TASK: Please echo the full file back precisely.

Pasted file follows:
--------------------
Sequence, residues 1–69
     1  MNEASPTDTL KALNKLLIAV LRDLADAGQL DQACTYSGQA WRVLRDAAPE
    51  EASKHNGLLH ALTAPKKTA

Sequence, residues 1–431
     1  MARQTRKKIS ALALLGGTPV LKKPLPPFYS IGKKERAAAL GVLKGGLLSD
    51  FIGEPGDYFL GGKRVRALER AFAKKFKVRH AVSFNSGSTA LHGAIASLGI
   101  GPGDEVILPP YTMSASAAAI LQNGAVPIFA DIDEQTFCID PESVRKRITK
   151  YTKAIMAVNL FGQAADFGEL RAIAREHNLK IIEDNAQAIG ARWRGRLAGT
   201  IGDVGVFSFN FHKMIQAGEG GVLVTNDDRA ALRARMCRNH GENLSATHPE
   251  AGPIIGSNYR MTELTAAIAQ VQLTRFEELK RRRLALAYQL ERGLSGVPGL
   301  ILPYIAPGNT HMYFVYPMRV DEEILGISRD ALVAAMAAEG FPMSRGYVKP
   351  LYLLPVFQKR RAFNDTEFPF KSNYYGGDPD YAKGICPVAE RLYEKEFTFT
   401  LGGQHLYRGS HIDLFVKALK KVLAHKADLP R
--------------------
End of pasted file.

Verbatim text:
Sequence, residues 1–69
     1  MNEASPTDTL KALNKLLIAV LRDLADAGQL DQACTYSGQA WRVLRDAAPE
    51  EASKHNGLLH ALTAPKKTA

Sequence, residues 1–431
     1  MARQTRKKIS ALALLGGTPV LKKPLPPFYS IGKKERAAAL GVLKGGLLSD
    51  FIGEPGDYFL GGKRVRALER AFAKKFKVRH AVSFNSGSTA LHGAIASLGI
   101  GPGDEVILPP YTMSASAAAI LQNGAVPIFA DIDEQTFCID PESVRKRITK
   151  YTKAIMAVNL FGQAADFGEL RAIAREHNLK IIEDNAQAIG ARWRGRLAGT
   201  IGDVGVFSFN FHKMIQAGEG GVLVTNDDRA ALRARMCRNH GENLSATHPE
   251  AGPIIGSNYR MTELTAAIAQ VQLTRFEELK RRRLALAYQL ERGLSGVPGL
   301  ILPYIAPGNT HMYFVYPMRV DEEILGISRD ALVAAMAAEG FPMSRGYVKP
   351  LYLLPVFQKR RAFNDTEFPF KSNYYGGDPD YAKGICPVAE RLYEKEFTFT
   401  LGGQHLYRGS HIDLFVKALK KVLAHKADLP R